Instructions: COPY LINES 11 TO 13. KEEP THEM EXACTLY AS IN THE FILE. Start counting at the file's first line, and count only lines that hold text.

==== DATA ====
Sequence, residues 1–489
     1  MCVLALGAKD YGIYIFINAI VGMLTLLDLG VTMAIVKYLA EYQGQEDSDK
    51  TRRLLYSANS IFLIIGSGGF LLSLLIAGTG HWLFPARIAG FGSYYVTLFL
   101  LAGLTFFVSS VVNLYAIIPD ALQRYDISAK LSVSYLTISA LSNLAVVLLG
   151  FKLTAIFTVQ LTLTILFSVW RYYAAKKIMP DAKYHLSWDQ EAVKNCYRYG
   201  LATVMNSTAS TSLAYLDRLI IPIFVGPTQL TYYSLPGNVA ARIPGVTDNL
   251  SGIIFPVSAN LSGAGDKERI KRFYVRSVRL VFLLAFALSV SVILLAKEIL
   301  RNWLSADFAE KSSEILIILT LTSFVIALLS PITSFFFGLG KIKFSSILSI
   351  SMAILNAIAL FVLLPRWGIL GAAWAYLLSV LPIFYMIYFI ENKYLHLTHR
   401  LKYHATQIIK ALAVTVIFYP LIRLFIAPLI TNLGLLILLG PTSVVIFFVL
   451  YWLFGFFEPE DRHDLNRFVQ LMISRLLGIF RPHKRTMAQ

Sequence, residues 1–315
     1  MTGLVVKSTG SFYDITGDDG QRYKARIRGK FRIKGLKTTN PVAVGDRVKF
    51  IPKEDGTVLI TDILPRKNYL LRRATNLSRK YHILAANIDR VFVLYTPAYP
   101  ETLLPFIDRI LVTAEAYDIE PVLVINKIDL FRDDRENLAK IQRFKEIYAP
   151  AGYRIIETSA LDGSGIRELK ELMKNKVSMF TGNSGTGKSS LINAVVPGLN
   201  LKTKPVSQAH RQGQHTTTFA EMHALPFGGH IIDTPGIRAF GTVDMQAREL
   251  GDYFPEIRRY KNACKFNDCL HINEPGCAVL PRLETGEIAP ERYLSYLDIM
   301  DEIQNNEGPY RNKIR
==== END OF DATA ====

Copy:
   451  YWLFGFFEPE DRHDLNRFVQ LMISRLLGIF RPHKRTMAQ

Sequence, residues 1–315
     1  MTGLVVKSTG SFYDITGDDG QRYKARIRGK FRIKGLKTTN PVAVGDRVKF